“The flood of chemicals released by your immune system during anaphylaxis can cause you to go into shock; your blood pressure drops suddenly and your airways narrow, blocking normal breathing … Anaphylaxis requires an immediate trip to the emergency department and an injection of epinephrine [Epi-Pen].  If anaphylaxis isn’t treated right away, it can lead to unconsciousness or even death.”  From the Mayo Clinic’s website.

Basically, anaphylaxis means someone could die, not just feel discomfort, if they’re exposed to their allergen.  It’s also so extreme that it’s considered a recognized ADA disability because it impairs breathing (which is why it can cause death).

I’m allergic to a bunch of trees and flowers, cows, tomatoes, soy, dairy, and the list goes on, but none of them besides peanuts and mushrooms—even though some of them are extremely unpleasant to have reactions to and could even result in me missing work—are anaphylactic reactions.  This doesn’t mean my other reactions aren’t a big deal, it just means they’re not life-threatening or a ADA recognized disability.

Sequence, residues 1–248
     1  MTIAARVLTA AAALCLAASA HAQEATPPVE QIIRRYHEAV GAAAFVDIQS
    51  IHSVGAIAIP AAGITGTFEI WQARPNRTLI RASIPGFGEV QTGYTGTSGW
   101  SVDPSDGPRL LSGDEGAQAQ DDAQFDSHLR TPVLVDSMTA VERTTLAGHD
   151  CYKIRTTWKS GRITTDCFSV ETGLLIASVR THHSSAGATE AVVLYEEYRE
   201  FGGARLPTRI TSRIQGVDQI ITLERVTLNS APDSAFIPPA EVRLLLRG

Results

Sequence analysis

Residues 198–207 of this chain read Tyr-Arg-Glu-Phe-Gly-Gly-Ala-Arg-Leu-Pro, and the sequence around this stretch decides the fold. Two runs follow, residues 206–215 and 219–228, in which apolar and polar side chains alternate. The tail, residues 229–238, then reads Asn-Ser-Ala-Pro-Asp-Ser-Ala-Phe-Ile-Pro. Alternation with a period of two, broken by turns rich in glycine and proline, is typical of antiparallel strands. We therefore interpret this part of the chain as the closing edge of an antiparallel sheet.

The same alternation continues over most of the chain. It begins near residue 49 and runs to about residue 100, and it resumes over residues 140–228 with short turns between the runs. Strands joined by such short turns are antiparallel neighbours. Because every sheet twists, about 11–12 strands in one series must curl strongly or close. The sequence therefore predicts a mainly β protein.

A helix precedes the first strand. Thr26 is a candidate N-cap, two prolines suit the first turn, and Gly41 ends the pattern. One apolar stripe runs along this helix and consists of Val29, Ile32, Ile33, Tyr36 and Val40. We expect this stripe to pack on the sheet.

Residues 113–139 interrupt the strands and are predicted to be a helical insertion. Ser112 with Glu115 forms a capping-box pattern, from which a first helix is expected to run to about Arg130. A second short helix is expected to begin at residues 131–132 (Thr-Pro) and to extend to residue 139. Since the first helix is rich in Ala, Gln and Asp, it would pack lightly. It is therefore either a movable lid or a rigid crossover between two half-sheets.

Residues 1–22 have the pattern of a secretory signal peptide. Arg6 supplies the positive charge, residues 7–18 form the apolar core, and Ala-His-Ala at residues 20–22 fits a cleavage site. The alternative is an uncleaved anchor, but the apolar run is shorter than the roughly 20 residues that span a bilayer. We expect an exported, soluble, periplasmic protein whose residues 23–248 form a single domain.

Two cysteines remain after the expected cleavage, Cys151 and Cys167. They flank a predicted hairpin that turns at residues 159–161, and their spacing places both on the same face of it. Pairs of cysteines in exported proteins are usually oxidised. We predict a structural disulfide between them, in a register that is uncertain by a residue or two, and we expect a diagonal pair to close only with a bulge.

A lot of times there’ll be confusion when someone is talking about an anaphylaxis reaction and using the word “allergy” because everyone imagines the person is just breaking into hives or sneezing.  It’s really unfortunate that people too often imagine sneezing when an anaphylactic reaction to something like peanuts or a bee sting is actually closer to someone eating a deadly poison—death is a very realistic concern.

3.  Are you sure it’s anaphylaxis and not a panic attack?

Well, I didn’t self-diagnose myself as having anaphylaxis.  I told several doctors and allergists what was happening when I was exposed to peanuts, and they told me I’d learned the hard way that I have an airborne anaphylactic reaction to a protein in peanuts.